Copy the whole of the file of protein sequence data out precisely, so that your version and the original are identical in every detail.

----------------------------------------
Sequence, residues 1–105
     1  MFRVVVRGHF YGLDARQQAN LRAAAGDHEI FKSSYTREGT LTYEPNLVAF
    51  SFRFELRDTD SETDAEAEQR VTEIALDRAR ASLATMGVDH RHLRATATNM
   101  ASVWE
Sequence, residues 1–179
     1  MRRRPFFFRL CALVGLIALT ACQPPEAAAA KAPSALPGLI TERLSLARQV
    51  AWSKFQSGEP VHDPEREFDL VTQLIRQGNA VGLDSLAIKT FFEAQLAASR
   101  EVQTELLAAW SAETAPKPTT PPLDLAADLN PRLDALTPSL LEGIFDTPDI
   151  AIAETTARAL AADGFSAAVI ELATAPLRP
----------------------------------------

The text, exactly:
Sequence, residues 1–105
     1  MFRVVVRGHF YGLDARQQAN LRAAAGDHEI FKSSYTREGT LTYEPNLVAF
    51  SFRFELRDTD SETDAEAEQR VTEIALDRAR ASLATMGVDH RHLRATATNM
   101  ASVWE
Sequence, residues 1–179
     1  MRRRPFFFRL CALVGLIALT ACQPPEAAAA KAPSALPGLI TERLSLARQV
    51  AWSKFQSGEP VHDPEREFDL VTQLIRQGNA VGLDSLAIKT FFEAQLAASR
   101  EVQTELLAAW SAETAPKPTT PPLDLAADLN PRLDALTPSL LEGIFDTPDI
   151  AIAETTARAL AADGFSAAVI ELATAPLRP